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Are schooltime group instrument lessons any good?

(28 Posts)
BiscuitMillionaire Mon 13-Jul-15 22:54:02

DD (7) has been learning violin for a year and a half with a private teacher, and done well, got her grade 1 exam. The teacher is moving away and I have the choice of finding another private teacher (which wouldn't be too hard), or seeing if she can get in to the violin lessons offered by the LEA during schooltime, which are in groups of 3 children. We started privately as the LEA didn't offer them for her age-group at the time.
What do you think? Would she progress more slowly in a group lesson? Could she even hear if she's playing in tune? I don't know how these work. She might enjoy being in a group and it might encourage her to practice, to keep up, I suppose. She's about to go up to juniors, where she'll be able to join the orchestra too.

I think it all depends on the teacher. DD started keyboard at the start of this school year, made really good progress in the first term, different things to practice every week, all her goals checked off in the grading checklist in her book as they were achieved. But the teacher left, another one took over and all progress seems to have ground to a halt. We have no way of contacting the teacher other than via the book. I'm not very impressed. But DD loves it and says she is learning. We should get their final report for the year tomorrow, it will be interesting.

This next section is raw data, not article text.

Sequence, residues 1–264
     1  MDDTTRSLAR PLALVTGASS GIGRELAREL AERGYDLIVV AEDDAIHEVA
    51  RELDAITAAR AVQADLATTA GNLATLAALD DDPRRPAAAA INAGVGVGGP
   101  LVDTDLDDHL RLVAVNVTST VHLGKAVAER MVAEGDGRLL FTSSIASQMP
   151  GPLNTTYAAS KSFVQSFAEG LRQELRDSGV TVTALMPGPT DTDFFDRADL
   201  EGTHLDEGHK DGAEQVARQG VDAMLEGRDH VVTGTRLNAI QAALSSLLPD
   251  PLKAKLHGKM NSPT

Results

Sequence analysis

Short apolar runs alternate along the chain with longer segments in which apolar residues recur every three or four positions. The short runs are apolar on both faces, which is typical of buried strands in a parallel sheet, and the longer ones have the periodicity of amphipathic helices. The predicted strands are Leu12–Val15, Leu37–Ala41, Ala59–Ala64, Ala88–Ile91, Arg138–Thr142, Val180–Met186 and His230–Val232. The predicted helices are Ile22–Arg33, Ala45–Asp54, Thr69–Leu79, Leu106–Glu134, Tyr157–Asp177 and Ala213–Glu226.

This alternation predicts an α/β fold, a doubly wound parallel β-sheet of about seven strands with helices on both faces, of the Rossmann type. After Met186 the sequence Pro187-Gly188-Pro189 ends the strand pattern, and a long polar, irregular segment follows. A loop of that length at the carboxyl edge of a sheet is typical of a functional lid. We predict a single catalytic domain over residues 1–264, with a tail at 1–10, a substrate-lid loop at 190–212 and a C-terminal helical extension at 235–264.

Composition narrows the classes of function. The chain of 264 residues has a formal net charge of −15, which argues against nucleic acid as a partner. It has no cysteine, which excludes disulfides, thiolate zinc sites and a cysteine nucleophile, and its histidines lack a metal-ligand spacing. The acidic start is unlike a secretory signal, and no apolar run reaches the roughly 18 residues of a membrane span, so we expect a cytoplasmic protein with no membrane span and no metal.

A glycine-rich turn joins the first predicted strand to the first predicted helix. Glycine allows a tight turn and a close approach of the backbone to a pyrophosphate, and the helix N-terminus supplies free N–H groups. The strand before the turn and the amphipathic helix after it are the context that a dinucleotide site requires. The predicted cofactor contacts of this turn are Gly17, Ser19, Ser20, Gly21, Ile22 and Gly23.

Whereas with a private teacher you have so much more control, you choose them, meet them, talk to them, work together. But it might not have the fun element of playing together.

BiscuitMillionaire Mon 13-Jul-15 23:37:57

Hmm. Yes control... of course I wouldn't be there when she has the lessons. I might do some asking around to try to see if the teacher's good. Thanks.

ReallyTired Mon 13-Jul-15 23:42:57

If she has already got grade 1 then group lessons will be a total waste of time. My son did group guitar lessons and nearly lost the will to live as progress was so slow. A lot of children simply don't practice. In your position I would look for individual lessons.

Potcallingkettle Mon 13-Jul-15 23:50:32

Speak directly to the school instrumental teacher. In my experience, you pay for the time. So whatever it costs for a lesson for 3 altogether, you could pay for a private lesson. Alternatively, enquire if there is another child at the same standard who could share a lesson.

Theas18 Mon 13-Jul-15 23:51:52

Agree if she's grade 1 group lessons are pointless unless she can be pared with a similar ability child. You imply she's year 2 going to year 3. School may have a grade 1 violinist but realistically they'll be year 5 probably- so faster to learn and more dexterous presumably?